'Bones from Pacific island likely those of Amelia Earhart'


Based on the measurements and other forensic analysis, Jantz concludes "until definitive evidence is presented that the remains are not those of Amelia Earhart, the most convincing argument is that they are hers". That "prior information" includes a piece of shoe found near the remains, along with an empty sextant box and a Benedictine bottle, both of which could have been included in Earhart's supplies.

The details were published in a research article authored by Jantz, professor emeritus of anthropology at the University of Tennessee, in the journal Forensic Anthropology.

Jantz said he knows some people will not accept his theory, but researchers at the International Group for Historic Aircraft Recovery, or TIGHAR, have been investigating the Earhart mystery for 30 years, and they believe Jantz's work is solid.

So, case closed? Well, it's important to note that no one has actually seen these bones for decades, and all of their analysis is on a file recorded in the 1940s.

His findings revealed Earhart's bones were "more similar to the Nikumaroro bones than 99pc of individuals in a large reference sample".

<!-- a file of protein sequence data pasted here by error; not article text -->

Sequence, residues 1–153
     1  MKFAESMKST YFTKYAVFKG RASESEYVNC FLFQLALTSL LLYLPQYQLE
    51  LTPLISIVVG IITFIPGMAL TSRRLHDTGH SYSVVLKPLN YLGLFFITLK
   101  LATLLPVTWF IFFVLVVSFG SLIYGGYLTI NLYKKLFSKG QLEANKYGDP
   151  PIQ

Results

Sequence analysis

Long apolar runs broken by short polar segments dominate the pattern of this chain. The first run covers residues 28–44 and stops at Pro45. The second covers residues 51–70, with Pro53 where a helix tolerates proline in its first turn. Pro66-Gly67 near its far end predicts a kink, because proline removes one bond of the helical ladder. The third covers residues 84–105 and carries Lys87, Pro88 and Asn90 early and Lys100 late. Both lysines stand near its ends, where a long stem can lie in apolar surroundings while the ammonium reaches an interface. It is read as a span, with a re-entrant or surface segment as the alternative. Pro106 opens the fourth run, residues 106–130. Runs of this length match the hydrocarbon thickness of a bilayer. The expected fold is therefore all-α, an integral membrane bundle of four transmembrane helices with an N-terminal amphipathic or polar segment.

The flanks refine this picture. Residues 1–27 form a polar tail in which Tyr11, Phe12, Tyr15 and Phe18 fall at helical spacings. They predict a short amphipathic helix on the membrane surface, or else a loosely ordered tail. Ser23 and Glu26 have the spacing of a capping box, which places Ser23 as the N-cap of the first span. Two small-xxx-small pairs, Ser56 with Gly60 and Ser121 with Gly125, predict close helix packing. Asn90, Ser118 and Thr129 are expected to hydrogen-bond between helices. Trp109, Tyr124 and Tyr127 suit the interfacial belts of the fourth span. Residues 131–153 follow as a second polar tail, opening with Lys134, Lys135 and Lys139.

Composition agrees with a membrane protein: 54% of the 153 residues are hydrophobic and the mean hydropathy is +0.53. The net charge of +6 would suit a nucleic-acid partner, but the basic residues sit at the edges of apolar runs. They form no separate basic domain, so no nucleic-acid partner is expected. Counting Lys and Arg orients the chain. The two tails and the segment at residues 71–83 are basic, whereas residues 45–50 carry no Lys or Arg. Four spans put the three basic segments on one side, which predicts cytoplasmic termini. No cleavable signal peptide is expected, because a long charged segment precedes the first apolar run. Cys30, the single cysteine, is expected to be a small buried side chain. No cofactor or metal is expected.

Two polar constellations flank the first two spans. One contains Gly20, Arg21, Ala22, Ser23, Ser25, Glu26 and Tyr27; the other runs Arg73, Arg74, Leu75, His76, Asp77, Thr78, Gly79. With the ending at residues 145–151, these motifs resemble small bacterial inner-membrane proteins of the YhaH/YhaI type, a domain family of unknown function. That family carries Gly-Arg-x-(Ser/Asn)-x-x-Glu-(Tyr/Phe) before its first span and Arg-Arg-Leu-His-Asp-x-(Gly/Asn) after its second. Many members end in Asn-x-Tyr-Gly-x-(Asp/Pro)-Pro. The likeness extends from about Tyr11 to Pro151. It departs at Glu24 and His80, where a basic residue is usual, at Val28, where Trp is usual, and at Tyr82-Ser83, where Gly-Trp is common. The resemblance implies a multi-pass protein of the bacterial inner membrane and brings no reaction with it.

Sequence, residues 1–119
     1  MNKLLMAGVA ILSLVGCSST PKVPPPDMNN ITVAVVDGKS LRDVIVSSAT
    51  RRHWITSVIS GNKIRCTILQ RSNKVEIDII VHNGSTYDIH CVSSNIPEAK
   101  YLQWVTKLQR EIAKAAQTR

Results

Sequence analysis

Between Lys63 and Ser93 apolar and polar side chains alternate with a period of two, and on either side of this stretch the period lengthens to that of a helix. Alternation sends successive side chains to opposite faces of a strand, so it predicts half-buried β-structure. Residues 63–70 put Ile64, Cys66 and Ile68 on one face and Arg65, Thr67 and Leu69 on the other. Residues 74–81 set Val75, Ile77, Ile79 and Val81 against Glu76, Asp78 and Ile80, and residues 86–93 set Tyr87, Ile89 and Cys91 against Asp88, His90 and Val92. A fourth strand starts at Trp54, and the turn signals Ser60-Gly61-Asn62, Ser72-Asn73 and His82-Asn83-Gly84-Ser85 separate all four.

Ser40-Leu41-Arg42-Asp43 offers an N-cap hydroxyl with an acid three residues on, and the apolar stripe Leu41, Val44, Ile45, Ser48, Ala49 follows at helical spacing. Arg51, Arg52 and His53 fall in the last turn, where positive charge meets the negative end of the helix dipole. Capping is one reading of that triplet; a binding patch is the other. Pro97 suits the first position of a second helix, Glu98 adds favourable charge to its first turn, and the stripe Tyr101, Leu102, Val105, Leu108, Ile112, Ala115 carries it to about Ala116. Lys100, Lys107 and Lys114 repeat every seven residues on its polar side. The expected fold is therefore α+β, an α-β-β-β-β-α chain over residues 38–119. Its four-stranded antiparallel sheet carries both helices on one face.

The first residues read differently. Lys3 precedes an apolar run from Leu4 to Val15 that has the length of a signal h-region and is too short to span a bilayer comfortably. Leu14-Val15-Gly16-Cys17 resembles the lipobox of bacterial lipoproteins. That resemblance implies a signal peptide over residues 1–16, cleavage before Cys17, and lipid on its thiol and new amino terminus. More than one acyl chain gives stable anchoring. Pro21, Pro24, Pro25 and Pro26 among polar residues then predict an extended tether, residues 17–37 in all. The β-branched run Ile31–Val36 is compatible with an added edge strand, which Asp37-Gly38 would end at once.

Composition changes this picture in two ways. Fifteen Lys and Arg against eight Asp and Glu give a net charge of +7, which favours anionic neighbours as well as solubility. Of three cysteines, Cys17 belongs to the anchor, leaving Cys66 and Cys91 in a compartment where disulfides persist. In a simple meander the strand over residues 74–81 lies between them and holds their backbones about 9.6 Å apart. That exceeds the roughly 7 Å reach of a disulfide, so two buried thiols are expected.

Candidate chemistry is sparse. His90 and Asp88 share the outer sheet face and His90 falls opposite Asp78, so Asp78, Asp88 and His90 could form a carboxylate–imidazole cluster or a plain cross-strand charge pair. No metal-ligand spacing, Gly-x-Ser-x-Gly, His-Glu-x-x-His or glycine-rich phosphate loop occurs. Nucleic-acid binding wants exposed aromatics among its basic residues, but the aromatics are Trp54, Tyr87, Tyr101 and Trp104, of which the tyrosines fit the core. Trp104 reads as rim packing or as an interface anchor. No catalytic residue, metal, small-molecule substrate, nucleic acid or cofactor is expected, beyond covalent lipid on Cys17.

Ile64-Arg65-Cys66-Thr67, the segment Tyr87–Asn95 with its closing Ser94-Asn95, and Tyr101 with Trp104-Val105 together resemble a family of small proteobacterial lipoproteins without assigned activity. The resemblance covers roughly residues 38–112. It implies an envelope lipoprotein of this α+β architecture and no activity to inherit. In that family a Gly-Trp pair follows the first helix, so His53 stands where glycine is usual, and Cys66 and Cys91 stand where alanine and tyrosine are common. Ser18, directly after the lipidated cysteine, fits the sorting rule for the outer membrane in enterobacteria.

The bones have since disappeared, but the measurements are still around and based on analysis of Earhart pictures and those measurements by Dr. Richard Jantz, he recently determined the remains are very likely Earhart's. Some have suggested that Earhart and her navigator landed on the Marshall Islands where they were captured by the Japanese who must have thought they were American spies.

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A popular theory put forth in a National Geographic exclusive in July is that they crashed on a tiny, uninhabited island named Nikumaroro, also known as Gardner Island. Earhart's humerus and radius length were measured using comparisons to scalable objects provided a forensic image processing laboratory.

But in 2015, still other researchers concluded the original assessment that the bones belonged to a man was correct.

Since then, a few scientists have been trying to more accurately confirm that the bones are definitely Earhart's. The new findings would possibly settle talks over her fate after she vanished while attempting a flight around the world in 1937. That contradicts earlier determinations by experts that the bones belonged to a stocky middle-aged man.

Using an originally-developed software program, Jantz compared the lengths of the bones to Earhart's, using photographs to gauge her height, weight, build and proportions.

Did famed aviator Amelia Earhart die as a lost castaway on a remote island after her plane disappeared in 1937?

For comparison, Mr Jantz used an in-seam length and waist circumference from a pair of Earhart's pants. When the officer in charge of the settlement scheme learned of the discovery, he ordered a more thorough search of the area, and additional bones were found.